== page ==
• Be optimistic. A person struggling with drug or alcohol abuse will likely eventually seek help due to ongoing encouragement to do so. If they relapse, it is not a sign of failure relapse is often part of the overall recovery process.

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Schedule Private Therapy Sessions

While lifestyle alterations can be a big help for families in crisis, addictions can cause deep wounds that often benefit from seeking professional help. Research has found that families of addicted people experience increased levels of depression and anxiety. Caregivers can feel worn out from everything theyre asked to do for their family member, and they may not have access to healthy coping skills. Siblings or children can feel forgotten or feel like they have to do better to make up for the addiction, leading to self-esteem issues.

Theres no judgment or blame here a private therapy session is a safe place for stressed family members to talk openly and work through issues.

Private sessions typically follow a skills-based format, in which caregivers learn more about how to deal with destructive thoughts and habits developed during years of addictive behavior. They might learn to meditate to handle stress, or they might work on assertiveness skills. They might do group work involving anger management, or they might learn how to let go of codependent behaviors so they wont feel responsible for the poor choices of others.

It takes time to go to personal therapy sessions, and theres often homework to complete between sessions. However, this time comes with a number of very real benefits. Family members who spend their time in these sessions may get the help they need in order to help others, and they may find the strength and resolve thats been missing until now.

Wanting To Recover But Feeling Stuck

Most people with addiction struggle with a double life. You try to keep your addiction hidden from most people, most of the time, even when it is quite obvious to those around you.

You have a hard time admitting to yourself that you are a person with addiction because no matter how fleeting, it gives you that brief moment when everything feels okay. You want to free yourself from your addiction and not end up back where you started, with all the losses you have built up while you have been struggling.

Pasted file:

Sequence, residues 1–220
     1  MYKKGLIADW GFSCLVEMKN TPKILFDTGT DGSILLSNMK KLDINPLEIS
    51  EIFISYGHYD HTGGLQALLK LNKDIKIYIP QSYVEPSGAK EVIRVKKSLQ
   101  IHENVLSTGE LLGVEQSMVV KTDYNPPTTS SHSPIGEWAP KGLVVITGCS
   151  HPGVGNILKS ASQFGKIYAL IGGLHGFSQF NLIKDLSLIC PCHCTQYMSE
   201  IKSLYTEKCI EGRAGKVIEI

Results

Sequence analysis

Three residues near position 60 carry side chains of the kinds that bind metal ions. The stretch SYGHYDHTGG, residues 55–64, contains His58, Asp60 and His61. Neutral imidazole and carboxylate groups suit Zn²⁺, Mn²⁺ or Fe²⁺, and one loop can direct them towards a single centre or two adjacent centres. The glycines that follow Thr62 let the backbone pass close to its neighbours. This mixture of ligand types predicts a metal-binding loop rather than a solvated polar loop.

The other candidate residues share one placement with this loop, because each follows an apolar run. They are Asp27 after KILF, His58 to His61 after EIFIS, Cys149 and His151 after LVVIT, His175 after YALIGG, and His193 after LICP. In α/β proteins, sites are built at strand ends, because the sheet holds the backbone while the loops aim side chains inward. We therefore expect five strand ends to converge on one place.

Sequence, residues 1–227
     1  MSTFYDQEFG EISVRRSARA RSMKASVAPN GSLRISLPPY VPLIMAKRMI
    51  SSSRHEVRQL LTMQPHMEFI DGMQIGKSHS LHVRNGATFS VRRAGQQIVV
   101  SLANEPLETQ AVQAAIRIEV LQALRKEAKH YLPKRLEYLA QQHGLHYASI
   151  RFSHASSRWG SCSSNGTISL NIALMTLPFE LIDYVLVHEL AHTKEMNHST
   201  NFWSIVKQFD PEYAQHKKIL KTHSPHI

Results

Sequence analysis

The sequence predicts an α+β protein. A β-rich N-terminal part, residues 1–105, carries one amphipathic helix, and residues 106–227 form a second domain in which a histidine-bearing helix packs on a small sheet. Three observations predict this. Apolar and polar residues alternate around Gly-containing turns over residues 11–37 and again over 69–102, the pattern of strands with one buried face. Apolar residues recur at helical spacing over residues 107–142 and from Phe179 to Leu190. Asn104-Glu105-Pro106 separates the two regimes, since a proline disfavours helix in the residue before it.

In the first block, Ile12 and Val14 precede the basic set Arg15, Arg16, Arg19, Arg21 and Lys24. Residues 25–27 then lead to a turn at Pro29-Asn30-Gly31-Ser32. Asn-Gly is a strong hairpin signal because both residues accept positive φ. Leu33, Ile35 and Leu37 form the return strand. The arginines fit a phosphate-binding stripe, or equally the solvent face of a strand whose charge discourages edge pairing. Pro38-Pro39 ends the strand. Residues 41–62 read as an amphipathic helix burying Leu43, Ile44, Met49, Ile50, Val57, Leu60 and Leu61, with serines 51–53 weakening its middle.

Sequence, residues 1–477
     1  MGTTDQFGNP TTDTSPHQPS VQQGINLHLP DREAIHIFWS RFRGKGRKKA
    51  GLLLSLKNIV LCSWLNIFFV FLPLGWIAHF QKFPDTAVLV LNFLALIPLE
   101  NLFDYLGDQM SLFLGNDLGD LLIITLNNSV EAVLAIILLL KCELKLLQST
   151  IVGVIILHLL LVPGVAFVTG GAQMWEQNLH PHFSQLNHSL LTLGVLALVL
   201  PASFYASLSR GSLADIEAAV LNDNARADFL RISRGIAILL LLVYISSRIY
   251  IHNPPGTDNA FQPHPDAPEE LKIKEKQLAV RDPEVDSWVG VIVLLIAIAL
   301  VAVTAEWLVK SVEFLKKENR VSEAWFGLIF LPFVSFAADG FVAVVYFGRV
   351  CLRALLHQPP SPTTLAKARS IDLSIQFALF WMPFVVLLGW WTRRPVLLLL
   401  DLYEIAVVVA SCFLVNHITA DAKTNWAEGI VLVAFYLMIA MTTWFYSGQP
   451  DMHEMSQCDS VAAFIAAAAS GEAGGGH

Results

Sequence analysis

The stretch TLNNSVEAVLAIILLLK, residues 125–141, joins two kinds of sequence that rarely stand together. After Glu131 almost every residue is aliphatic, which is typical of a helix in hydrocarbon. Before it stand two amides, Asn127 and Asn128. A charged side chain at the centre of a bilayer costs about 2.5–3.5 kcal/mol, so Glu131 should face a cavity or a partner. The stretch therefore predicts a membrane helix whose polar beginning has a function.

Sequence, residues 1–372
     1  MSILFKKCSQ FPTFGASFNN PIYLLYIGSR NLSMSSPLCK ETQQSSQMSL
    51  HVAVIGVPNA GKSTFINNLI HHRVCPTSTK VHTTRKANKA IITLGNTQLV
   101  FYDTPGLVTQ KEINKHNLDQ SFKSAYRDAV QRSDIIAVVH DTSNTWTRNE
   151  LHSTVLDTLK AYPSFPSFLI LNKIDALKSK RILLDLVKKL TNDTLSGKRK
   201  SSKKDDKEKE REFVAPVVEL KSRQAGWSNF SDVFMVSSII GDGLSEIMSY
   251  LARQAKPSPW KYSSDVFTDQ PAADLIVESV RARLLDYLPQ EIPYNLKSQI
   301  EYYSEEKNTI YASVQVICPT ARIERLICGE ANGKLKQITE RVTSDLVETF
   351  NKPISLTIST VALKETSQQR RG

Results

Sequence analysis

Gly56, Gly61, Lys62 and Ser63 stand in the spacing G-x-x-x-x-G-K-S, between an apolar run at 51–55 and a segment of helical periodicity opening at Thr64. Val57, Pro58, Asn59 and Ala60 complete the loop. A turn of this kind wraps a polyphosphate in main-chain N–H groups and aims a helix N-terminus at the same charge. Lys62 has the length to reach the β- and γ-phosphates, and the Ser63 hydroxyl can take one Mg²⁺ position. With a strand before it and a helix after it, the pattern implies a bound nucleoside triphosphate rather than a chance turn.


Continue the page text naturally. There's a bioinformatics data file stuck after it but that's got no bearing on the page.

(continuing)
Recovery is possible for every person with addiction. But facing the problems that caused the addiction in the first place is scary.

It’s difficult to cope with the deep dissatisfaction with your life and to take responsibility for how your behavior affects other people. It means learning how to experience a gentler sense of pleasure in the small things in life and coping with the many challenges and imperfections of life, without retreating back into your addiction. Which means accepting being human, just like everyone else.

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What If The Person Doesnt Want Help For Drugs Or Alcohol

Ultimately, its the persons decision whether to seek professional help. Many people who misuse drugs or alcohol find it hard to ask for help at first, but may want to reach out later on. Be careful not to nag the person, since this might discourage them from opening up in the future.

Clearly state any behaviours you expect, or wont tolerate, from the person. You might not accept drug use in your home, for example.

Encourage the person to use safely to minimise the risk of harming themselves for example, through needle and syringe programs or opioid replacement programs.

Find an NSP in your state or territory here. You can also use the healthdirect Service Finder to find one near you. Select By name and type needle into the search bar.